Activist investor Carl Icahn and Southeastern Asset Management Inc have initiated talks with banks and asset managers to line up commitments for as much as $7 billion in bridge loans to back their leveraged recapitalization proposal for Dell Inc, banking sources told Thomson Reuters LPC on Thursday.
Jefferies & Co is leading the deal.
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Icahn and Southeastern are looking to lock in the financing before Dell shareholders meet in July to vote on a rival take-private offer from CEO Michael Dell and Silver Lake Partners. Icahn and Southeastern are seeking at least $5.2 billion and as much as $7 billion in lender commitments, sources said.
"They want the shareholders to know that they have an alternative," another source said.
Jefferies is understood to have committed $1.6 billion to the bridge loan.
The arranger is asking for commitments as large as $1 billion and is expected to have lenders lined up as early as next week.
Lenders committing to the deal are being offered a fee upfront of 3.5 percent, which is typical of these transactions. As an added sweetener, Icahn and Southeastern are also offering lenders an additional 7.5 percent of any incremental profit the two shareholders receive if Silver Lake prevails with an increased offer.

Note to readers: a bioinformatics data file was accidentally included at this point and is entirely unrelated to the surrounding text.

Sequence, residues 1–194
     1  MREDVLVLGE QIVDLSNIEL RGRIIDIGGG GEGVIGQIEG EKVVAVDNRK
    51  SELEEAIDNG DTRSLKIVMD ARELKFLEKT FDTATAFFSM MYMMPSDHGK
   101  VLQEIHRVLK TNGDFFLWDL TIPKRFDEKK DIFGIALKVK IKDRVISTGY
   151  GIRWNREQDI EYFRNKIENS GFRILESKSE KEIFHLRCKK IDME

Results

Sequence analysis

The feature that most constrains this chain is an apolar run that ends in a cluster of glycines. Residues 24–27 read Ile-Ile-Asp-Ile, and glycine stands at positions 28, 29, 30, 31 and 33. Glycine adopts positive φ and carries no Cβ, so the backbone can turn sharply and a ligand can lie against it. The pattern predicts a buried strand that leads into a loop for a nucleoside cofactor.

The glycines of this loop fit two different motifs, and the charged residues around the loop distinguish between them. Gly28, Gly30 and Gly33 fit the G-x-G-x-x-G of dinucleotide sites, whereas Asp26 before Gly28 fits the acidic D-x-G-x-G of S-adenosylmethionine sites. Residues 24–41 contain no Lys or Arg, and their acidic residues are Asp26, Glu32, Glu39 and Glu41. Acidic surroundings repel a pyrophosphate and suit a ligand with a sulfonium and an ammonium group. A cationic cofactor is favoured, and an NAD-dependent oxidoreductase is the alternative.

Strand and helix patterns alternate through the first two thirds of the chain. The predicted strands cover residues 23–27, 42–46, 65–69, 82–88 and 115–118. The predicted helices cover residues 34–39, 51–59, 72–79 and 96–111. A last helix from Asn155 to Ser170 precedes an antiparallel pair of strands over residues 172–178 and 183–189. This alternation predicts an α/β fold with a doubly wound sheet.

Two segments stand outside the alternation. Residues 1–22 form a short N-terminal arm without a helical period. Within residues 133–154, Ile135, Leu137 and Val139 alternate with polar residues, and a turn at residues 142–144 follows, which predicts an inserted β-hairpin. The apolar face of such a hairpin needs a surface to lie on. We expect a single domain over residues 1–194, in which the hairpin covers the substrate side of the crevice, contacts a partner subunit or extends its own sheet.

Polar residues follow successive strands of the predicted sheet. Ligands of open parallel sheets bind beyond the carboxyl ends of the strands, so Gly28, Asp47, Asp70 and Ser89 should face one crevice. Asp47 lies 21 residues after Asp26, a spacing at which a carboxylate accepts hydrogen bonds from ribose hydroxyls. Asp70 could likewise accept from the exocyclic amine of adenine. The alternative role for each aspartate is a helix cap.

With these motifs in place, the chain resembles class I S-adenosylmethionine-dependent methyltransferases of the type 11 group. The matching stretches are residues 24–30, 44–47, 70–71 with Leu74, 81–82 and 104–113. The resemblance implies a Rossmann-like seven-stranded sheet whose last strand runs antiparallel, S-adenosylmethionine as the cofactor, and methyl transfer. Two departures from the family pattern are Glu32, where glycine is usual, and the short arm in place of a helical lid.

Pricing on the loan is guided at 350bp over Libor, though pricing could change as syndication efforts are only in the early stages, the same sources said.
Jefferies and Icahn declined to comment. Calls to Southeastern and Dell were not returned by press time.
In a May 9 letter to Dell's board, Icahn and Southeastern Asset Management, two of the company's largest shareholders, proposed an alternative to a buyout deal led by founder Michael Dell and private equity firm Silver Lake Partners. Under the Icahn proposal, shareholders could hold onto existing stock with the option of receiving either a distribution of $12 per share in cash or $12 per share in stock valued at $1.65 per share.
If Dell's shareholders accept the Icahn and Southeastern offer, the bridge loan will become permanent financing.
Michael Dell and Silver Lake Partners, who are looking to take the company private for $13.65 per share, or $24.4 billion, have already received $13.75 billion in debt commitments from a number of banks and Microsoft Corporation to back their offer. Bank of America Merrill Lynch, Barclays, Credit Suisse and RBC Capital Markets agreed to provide $11.75 billion in bank lines and Microsoft agreed to purchase up to $2 billion in subordinated notes.
Icahn and Southeastern, which together own about 13 percent of Dell stock, have argued that the Silver Lake offer undervalues the company.
Dell's shares rose 0.01 percent to $13.37 Thursday afternoon.
(Reporting by Michelle Sierra; Editing By Jon Methven)